The Title of a Popular TV Show Enjoys Protection as a Famous Mark

In the past, although the IP Office recognized the fame enjoyed by popular movies, such recognition did not render these titles to be famous marks by default. Nowadays, considering that the production companies of well-received movies or TV shows are apt to release many tie-in products and that a box office hit often promises high public awareness, the IP Office has made it clear in Article 4.7 of the “Examination Guidelines on Distinctiveness of Trademarks” that “[t]he titles of works, including books, films, and dramas, shall be deemed to have acquired their distinctiveness if, after extensive exposure, they have implanted a vivid impression in the minds of consumers.” On this score, the copyright owners or parties with the copyright owner’s consent are entitled to register such titles as trademarks. 

On November 6, 2013, an application was filed for the mark “唐頓莊園 Downton Abbey” in Class 33 in respect to alcohols, wine and the like, and the application later matured into Reg. No. 1643707. However, during the opposition period, Carnival Films (the production company of the British drama “Downton Abbey”) filed an opposition against said registration, claiming that “Downton Abbey”/“唐頓莊園(the Chinese translation of Downton Abbey)” is not only the title of a successful television series but also a famous mark owned by Carnival Films. 

After a review of the case, the IP Office rendered a Decision in favor of the Opposer and the Decision was upheld by the Board of Appeals. 

The owner of Reg. No. 1643707 thus filed a petition for administrative litigation with the IP Court. During the litigation proceedings, the owner did not deny the popularity of the television series “Downton Abbey”. Instead, they argued that “Downton Abbey”/“唐頓莊園” being merely the title of a show had not been used as a trademark. In addition, since alcohols, wine and the like covered by Reg. No. 1643707 are remote in nature from “TV program production service or video tapes/books of TV shows” offered/sold by the Opposer in accordance with the Manual of Classification of Goods/Services published by the IP Office, the owner averred that the two parties’ goods/services are not in competitive proximity and registration of the opposed mark “唐頓莊園 Downton Abbey” in Class 33 is unlikely to engender a likelihood of consumer confusion in the marketplace.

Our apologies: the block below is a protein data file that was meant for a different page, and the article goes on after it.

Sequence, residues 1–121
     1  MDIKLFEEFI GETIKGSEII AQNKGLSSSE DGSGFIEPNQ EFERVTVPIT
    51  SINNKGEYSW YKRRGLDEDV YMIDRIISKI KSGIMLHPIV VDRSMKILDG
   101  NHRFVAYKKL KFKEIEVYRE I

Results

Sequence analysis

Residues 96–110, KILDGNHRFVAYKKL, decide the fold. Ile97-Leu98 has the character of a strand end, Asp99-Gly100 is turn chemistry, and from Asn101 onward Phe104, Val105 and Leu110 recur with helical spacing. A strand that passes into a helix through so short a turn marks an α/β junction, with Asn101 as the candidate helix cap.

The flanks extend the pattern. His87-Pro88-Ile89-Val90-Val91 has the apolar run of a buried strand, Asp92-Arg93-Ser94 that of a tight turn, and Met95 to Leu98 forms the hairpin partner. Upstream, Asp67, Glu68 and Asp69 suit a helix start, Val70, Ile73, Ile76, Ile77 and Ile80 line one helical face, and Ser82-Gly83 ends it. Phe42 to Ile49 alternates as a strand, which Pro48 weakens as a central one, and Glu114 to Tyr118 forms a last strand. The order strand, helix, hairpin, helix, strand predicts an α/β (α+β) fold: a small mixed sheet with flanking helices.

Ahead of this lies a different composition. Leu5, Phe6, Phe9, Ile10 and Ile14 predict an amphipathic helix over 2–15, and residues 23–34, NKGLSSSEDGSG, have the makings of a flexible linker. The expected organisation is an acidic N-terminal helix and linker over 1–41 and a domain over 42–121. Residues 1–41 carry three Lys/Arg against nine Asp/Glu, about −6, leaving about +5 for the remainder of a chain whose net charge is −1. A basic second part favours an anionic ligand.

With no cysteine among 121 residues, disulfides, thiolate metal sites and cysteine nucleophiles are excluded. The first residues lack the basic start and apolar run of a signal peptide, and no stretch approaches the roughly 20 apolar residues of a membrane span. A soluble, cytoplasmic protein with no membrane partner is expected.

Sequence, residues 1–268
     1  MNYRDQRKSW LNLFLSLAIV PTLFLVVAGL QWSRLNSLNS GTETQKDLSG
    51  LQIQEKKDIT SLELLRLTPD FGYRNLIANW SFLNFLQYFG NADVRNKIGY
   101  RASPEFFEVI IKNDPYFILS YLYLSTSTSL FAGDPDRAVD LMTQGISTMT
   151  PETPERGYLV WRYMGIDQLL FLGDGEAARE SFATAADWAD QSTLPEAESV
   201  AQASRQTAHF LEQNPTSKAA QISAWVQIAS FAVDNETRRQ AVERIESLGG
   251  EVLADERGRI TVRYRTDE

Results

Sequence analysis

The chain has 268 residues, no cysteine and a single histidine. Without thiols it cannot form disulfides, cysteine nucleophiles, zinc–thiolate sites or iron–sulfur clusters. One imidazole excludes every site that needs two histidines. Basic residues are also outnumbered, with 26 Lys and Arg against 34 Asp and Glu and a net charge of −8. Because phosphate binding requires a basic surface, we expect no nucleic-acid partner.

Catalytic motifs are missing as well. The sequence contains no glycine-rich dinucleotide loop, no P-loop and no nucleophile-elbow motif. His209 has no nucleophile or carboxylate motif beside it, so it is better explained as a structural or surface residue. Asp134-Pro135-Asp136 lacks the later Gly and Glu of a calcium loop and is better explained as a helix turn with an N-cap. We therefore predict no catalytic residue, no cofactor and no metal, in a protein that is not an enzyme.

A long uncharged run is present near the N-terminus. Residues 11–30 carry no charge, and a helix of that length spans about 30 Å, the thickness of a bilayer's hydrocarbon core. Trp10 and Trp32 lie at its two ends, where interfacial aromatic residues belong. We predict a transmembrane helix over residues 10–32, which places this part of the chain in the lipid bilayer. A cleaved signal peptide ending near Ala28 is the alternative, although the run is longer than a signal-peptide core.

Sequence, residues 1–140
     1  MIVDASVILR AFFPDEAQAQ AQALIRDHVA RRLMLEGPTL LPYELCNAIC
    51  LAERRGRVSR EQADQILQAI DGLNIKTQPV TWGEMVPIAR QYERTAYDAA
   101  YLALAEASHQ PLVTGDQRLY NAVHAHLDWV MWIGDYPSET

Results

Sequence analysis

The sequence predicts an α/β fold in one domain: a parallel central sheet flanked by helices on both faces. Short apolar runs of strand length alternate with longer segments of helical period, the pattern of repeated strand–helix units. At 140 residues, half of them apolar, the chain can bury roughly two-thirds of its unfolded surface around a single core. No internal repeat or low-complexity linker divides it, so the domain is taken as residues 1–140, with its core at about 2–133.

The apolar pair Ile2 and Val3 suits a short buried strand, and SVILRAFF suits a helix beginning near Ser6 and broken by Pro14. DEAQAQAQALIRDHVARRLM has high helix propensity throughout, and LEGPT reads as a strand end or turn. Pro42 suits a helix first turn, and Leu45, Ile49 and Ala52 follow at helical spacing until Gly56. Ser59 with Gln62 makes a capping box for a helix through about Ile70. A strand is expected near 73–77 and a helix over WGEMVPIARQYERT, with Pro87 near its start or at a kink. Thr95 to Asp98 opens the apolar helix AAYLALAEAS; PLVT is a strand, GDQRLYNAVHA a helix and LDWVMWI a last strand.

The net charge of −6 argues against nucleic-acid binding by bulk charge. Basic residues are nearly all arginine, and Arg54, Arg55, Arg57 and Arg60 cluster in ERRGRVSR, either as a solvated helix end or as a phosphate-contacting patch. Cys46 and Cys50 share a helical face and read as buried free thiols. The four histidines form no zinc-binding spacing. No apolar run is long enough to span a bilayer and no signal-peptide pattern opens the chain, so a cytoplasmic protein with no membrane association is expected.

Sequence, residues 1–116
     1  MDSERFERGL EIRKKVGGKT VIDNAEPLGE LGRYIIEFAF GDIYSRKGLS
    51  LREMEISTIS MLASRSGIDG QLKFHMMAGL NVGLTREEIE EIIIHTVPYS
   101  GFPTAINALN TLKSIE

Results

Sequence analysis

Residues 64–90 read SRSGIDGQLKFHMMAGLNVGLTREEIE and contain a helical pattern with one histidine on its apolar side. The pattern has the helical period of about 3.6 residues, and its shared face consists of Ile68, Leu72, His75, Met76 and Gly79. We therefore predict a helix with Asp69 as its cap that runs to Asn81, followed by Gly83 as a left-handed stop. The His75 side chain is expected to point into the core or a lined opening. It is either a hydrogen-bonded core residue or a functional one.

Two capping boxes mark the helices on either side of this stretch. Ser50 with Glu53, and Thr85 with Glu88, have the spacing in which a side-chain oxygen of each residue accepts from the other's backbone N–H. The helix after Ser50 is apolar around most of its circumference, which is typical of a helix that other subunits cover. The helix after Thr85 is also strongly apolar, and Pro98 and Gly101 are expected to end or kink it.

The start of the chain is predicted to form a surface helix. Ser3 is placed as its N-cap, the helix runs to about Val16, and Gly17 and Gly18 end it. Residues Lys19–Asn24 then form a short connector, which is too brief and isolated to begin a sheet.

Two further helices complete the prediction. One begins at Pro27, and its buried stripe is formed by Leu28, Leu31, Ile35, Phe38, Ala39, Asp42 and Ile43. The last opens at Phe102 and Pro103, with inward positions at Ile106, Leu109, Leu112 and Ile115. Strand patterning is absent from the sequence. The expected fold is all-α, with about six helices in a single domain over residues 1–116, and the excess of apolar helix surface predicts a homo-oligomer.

Reg. No. 1643707 was eventually canceled. The IP Court ruled that “Downton Abbey”/“唐頓莊園”called into question had established its reputation through extensive exposure since it is the title of a popular TV show with a large audience and the Opposer has diversified its business by launching, among others, alcohols and wine under the mark “Downton Abbey” in the marketplace. Therefore, registration of the opposed mark in Class 33 in resepct to alcohols, wine and the like is likely to engender consumer confusion and disparage the reputation of the Opposer’s famous mark. 

The above contents are intended as general discussion of the subject matter only and shall not be deemed as legal advice to any particular case or issue.